Monday, June 11, 2007

Studies say death penalty saves lives

by acting as a deterrant to violent crime:

What gets little notice, however, is a series of academic studies over the last half-dozen years that claim to settle a once hotly debated argument — whether the death penalty acts as a deterrent to murder. The analyses say yes. They count between three and 18 lives that would be saved by the execution of each convicted killer.
"Science does really draw a conclusion. It did. There is no question about it," said Naci Mocan, an economics professor at the University of Colorado at Denver. "The conclusion is there is a deterrent effect."

A 2003 study he co-authored, and a 2006 study that re-examined the data, found that each execution results in five fewer homicides, and commuting a death sentence means five more homicides. "The results are robust, they don't really go away," he said. "I oppose the death penalty. But my results show that the death penalty (deters) — what am I going to do, hide them?"
Statistical studies like his are among a dozen papers since 2001 that capital punishment has deterrent effects. They all explore the same basic theory — if the cost of something (be it the purchase of an apple or the act of killing someone) becomes too high, people will change their behavior (forego apples or shy from murder).
Among the conclusions:
• Each execution deters an average of 18 murders, according to a 2003 nationwide study by professors at Emory University. (Other studies have estimated the deterred murders per execution at three, five and 14).
• The Illinois moratorium on executions in 2000 led to 150 additional homicides over four years following, according to a 2006 study by professors at the University of Houston.
• Speeding up executions would strengthen the deterrent effect. For every 2.75 years cut from time spent on death row, one murder would be prevented, according to a 2004 study by an Emory University professor.
The studies' conclusions drew a philosophical response from a well-known liberal law professor, University of Chicago's Cass Sunstein. A critic of the death penalty, in 2005 he co-authored a paper titled "Is capital punishment morally required?"

"If it's the case that executing murderers prevents the execution of innocents by murderers, then the moral evaluation is not simple," he told The Associated Press. "Abolitionists or others, like me, who are skeptical about the death penalty haven't given adequate consideration to the possibility that innocent life is saved by the death penalty."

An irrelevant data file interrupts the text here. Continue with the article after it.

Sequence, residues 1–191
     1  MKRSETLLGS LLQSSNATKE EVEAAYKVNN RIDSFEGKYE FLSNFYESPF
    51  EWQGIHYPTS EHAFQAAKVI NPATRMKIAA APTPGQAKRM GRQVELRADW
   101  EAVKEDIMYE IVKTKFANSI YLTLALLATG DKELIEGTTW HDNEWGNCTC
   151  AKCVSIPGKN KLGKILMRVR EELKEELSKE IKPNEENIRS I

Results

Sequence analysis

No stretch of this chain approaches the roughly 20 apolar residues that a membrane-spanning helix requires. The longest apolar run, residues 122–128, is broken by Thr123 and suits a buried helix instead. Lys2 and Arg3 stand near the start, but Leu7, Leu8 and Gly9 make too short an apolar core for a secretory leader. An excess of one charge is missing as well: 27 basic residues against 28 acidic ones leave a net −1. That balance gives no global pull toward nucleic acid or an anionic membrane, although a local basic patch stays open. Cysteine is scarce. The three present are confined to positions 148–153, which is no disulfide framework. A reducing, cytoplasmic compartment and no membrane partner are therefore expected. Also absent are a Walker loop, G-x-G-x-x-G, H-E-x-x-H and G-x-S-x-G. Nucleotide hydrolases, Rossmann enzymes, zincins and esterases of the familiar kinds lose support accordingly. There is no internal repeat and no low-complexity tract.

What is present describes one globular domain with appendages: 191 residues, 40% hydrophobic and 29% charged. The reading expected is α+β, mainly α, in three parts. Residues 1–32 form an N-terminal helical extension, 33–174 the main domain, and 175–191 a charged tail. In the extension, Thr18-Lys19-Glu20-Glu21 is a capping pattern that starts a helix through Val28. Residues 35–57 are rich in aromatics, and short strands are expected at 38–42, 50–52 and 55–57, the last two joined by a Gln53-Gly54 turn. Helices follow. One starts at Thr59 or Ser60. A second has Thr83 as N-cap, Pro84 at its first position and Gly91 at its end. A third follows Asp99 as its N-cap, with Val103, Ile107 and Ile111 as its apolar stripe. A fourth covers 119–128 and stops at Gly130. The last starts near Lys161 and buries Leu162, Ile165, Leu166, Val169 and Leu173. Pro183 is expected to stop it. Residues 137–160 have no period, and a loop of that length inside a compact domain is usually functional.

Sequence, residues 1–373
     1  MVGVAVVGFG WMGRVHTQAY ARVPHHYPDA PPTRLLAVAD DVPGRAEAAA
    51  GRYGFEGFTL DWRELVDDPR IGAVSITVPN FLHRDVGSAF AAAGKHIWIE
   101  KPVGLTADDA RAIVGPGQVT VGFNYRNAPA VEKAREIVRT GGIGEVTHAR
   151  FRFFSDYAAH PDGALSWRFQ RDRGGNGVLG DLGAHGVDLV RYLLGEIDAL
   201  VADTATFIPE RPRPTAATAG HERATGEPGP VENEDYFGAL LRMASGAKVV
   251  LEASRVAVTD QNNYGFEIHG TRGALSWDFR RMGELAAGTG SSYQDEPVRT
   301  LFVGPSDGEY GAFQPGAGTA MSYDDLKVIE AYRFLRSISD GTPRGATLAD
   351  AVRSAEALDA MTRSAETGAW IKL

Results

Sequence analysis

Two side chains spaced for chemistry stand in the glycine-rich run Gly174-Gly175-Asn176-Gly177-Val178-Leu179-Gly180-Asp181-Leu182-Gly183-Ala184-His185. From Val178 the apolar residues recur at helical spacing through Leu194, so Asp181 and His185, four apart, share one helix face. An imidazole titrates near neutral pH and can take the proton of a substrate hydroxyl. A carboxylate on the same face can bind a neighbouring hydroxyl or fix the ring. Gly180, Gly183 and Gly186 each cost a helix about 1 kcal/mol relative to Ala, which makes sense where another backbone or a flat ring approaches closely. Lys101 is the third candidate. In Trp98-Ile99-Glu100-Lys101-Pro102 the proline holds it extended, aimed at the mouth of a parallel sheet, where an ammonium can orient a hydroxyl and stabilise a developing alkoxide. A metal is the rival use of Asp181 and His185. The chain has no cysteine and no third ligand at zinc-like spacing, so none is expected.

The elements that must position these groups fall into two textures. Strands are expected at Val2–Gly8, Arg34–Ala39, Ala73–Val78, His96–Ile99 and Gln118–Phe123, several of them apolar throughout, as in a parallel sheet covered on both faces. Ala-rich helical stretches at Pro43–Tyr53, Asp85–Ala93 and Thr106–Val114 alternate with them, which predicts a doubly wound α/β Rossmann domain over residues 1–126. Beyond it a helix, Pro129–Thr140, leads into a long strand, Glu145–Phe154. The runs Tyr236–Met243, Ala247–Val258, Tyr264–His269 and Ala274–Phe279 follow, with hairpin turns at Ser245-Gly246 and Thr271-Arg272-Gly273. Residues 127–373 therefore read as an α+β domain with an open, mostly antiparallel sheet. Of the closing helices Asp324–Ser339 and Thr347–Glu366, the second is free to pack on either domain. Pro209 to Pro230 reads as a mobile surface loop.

I used to oppose the death penalty, as I did not want to run afoul of the 6th Commandment. Then, I started reading Bible Commentaries, and I learned the 6th Commandment, properly interpreted, should read "Thou shall not murder."

Further, I learned Jesus was not a Ghandi-like pacifist, as I had supposed. [Even Buddhists are rarely Ghandi-like pacifists. Only a few months ago, Buddhist monks took up arms against Muslims who were terrorizing a Buddhist monastery.] Jesus' "turn the other cheek" admonishment actually related to being insulted, as opposed to being physically threatened. Further: Jesus, close to the end of his life, instructed his Apostles to wear swords for self-defense.

I do not see biblical oppostion to the death penalty. The Old Testament is filled with death penalty-type behavior/opinion. In the New Testament, in addition to rampaging through the Temple, and to instructing the Apostles to don swords, Jesus arguably endorses the death penalty in Matt 5:21-22. I see no alternative explanation for the verse.

A long, yet enlightening look at Biblical doctrine and the death penalty: link.

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